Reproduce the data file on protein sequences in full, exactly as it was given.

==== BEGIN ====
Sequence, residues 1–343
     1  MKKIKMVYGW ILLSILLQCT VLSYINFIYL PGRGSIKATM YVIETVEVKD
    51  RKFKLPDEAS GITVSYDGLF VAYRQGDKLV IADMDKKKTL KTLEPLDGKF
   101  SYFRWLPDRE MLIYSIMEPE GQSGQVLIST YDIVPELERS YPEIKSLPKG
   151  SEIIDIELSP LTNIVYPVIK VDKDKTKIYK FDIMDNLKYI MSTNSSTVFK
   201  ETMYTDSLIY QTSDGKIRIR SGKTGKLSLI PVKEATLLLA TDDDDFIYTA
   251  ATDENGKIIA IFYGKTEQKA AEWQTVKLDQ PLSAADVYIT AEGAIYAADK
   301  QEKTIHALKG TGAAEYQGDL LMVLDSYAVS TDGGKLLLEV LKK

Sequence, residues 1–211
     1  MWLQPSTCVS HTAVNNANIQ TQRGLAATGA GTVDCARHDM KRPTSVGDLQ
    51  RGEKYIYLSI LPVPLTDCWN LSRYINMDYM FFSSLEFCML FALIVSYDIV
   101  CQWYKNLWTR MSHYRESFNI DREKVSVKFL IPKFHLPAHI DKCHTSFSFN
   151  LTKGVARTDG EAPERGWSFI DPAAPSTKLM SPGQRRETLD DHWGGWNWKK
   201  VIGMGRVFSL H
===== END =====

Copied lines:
Sequence, residues 1–343
     1  MKKIKMVYGW ILLSILLQCT VLSYINFIYL PGRGSIKATM YVIETVEVKD
    51  RKFKLPDEAS GITVSYDGLF VAYRQGDKLV IADMDKKKTL KTLEPLDGKF
   101  SYFRWLPDRE MLIYSIMEPE GQSGQVLIST YDIVPELERS YPEIKSLPKG
   151  SEIIDIELSP LTNIVYPVIK VDKDKTKIYK FDIMDNLKYI MSTNSSTVFK
   201  ETMYTDSLIY QTSDGKIRIR SGKTGKLSLI PVKEATLLLA TDDDDFIYTA
   251  ATDENGKIIA IFYGKTEQKA AEWQTVKLDQ PLSAADVYIT AEGAIYAADK
   301  QEKTIHALKG TGAAEYQGDL LMVLDSYAVS TDGGKLLLEV LKK

Sequence, residues 1–211
     1  MWLQPSTCVS HTAVNNANIQ TQRGLAATGA GTVDCARHDM KRPTSVGDLQ
    51  RGEKYIYLSI LPVPLTDCWN LSRYINMDYM FFSSLEFCML FALIVSYDIV
   101  CQWYKNLWTR MSHYRESFNI DREKVSVKFL IPKFHLPAHI DKCHTSFSFN
   151  LTKGVARTDG EAPERGWSFI DPAAPSTKLM SPGQRRETLD DHWGGWNWKK
   201  VIGMGRVFSL H